The second is a more recent interview with Richard Nash in The Boston Review. Nash used to head up Soft Skull Press and, most recently, founded the publishing platform Cursor. He discusses the role of a publishing house as the bridge connecting communities, of the link between readers and authors. I whole-heartedly agree with Nash’s understanding of what presses (should) do. I wanted to be in this industry in order to connect readers with writers, to join and celebrate in “the tribal nature of culture” (Nash’s phrase). In this space, I’ll briefly look at Nash’s idea of community as central to the economies of reading and writing, and compare it to the Marxist understanding of human community (as opposed to isolation) as the source of true personal and economic freedom.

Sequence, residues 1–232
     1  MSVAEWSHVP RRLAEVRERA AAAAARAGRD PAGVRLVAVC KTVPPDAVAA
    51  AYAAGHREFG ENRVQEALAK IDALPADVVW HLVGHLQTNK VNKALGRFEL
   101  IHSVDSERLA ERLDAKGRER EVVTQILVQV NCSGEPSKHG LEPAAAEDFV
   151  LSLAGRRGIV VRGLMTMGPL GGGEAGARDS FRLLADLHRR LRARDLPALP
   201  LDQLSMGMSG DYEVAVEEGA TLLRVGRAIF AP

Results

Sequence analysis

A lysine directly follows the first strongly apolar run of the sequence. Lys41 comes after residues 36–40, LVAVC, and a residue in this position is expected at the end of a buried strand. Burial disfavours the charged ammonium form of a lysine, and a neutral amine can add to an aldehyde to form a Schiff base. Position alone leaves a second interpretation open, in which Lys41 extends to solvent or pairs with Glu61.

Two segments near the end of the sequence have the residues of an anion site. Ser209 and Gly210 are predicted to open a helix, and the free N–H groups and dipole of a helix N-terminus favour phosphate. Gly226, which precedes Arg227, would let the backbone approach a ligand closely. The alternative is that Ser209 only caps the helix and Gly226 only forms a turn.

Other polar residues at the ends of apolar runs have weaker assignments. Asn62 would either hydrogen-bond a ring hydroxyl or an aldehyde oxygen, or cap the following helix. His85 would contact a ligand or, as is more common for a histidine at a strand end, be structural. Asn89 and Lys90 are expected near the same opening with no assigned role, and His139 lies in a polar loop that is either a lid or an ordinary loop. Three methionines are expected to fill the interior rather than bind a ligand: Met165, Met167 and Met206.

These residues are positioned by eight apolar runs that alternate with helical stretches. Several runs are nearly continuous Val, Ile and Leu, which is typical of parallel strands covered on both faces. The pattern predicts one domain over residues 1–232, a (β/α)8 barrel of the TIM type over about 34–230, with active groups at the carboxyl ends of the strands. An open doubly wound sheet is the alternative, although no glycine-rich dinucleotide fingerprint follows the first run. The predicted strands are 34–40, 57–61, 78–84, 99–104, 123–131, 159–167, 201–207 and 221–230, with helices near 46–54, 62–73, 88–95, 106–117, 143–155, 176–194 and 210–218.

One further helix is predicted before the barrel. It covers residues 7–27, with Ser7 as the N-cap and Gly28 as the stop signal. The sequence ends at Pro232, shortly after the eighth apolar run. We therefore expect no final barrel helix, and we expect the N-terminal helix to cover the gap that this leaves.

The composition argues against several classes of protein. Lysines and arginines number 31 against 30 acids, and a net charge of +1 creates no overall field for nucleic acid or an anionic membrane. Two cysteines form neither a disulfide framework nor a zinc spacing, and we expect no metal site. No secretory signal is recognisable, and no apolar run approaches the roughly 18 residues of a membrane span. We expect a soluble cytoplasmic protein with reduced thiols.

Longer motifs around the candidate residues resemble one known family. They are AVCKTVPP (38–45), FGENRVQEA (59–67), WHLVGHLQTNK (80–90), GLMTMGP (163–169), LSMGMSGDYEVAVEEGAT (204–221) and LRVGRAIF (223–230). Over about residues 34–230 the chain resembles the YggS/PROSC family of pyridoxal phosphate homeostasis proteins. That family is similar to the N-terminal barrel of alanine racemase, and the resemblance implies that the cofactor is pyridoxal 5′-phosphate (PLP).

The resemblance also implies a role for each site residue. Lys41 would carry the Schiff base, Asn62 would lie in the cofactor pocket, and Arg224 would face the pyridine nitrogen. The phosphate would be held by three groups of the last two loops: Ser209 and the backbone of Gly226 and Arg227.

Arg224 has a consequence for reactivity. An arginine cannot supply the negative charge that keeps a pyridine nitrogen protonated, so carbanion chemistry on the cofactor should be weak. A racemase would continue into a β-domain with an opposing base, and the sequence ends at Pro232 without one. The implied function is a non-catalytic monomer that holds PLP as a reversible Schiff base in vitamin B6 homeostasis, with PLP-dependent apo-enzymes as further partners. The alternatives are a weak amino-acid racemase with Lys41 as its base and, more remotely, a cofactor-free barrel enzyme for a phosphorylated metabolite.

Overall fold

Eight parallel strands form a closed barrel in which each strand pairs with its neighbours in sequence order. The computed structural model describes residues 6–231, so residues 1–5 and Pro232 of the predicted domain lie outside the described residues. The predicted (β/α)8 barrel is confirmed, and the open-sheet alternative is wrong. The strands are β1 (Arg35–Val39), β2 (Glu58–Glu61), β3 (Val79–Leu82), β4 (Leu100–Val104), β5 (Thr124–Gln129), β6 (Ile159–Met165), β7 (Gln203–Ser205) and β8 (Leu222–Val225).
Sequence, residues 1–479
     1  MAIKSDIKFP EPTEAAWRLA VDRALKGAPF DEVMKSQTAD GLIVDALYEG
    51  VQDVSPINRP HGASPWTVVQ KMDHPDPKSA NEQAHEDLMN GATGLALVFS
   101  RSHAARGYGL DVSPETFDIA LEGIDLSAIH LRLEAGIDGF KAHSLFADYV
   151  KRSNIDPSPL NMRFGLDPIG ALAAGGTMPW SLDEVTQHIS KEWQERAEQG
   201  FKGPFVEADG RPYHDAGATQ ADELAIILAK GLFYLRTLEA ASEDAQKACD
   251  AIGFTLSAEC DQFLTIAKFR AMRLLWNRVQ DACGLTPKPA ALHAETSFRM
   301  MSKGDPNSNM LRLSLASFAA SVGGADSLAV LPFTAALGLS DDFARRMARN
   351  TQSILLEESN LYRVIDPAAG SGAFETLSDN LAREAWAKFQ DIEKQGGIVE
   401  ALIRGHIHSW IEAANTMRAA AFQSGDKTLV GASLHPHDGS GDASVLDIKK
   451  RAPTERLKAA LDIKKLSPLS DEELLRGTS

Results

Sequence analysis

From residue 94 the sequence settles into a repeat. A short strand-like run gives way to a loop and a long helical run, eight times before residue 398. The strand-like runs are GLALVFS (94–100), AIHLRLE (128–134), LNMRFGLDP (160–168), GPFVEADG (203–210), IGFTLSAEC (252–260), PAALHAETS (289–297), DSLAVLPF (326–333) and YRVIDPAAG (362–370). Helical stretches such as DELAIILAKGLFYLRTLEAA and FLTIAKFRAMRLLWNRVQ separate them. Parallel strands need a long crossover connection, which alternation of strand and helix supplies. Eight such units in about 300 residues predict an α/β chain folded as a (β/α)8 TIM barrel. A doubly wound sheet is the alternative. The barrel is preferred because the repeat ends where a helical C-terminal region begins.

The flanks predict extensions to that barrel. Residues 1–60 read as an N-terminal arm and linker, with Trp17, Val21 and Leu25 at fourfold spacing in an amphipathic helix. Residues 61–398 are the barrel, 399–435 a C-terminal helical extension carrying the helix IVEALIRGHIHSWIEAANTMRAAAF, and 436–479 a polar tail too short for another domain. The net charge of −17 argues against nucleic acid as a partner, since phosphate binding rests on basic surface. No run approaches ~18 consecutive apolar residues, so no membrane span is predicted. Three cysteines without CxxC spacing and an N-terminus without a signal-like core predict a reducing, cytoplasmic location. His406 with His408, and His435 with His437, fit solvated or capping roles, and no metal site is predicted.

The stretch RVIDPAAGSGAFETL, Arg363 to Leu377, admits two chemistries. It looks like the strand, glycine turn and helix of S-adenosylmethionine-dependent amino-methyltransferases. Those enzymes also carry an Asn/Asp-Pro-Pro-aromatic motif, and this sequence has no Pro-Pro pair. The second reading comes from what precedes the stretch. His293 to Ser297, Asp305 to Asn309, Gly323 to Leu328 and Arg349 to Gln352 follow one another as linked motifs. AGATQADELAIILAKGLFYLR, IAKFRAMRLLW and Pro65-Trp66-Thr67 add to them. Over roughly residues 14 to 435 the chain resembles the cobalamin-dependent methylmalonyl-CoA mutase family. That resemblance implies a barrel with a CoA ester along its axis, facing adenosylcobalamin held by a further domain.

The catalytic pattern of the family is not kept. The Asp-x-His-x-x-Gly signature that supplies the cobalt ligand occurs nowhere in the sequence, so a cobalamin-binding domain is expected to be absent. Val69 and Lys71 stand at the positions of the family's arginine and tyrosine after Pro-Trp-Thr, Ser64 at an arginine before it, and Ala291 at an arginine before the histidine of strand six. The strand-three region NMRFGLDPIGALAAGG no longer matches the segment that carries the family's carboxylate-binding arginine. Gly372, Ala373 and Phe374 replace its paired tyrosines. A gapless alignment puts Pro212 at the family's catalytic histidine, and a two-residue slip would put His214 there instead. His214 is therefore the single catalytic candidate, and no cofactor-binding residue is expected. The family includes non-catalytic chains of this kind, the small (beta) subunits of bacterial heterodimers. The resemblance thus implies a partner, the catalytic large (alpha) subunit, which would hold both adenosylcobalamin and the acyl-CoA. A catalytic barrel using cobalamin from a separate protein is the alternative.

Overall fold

I, like Craig Mod, Richard Nash and Karl Marx, believe in the potential of the community. In my view, Tara Books is a thriving example of such potential. Tara developed into a global community of artists, authors, craftspeople, designers and professionals precisely so that more consumers can have access to stories, to imagination, and to art. But as publishers and librarians and the media debate and explore books in the 21st century, we must consciously create our delivery platforms and our publishing projects with global accessibility and affordability in mind. It is not enough to be innovative, it is not enough to be radical. As bridge-builders between stories and storytellers, word-writers and word-readers, we must do radical, innovative good for the most number of people across social, economic and geopolitical boundaries.
Things to explore in the weeks ahead…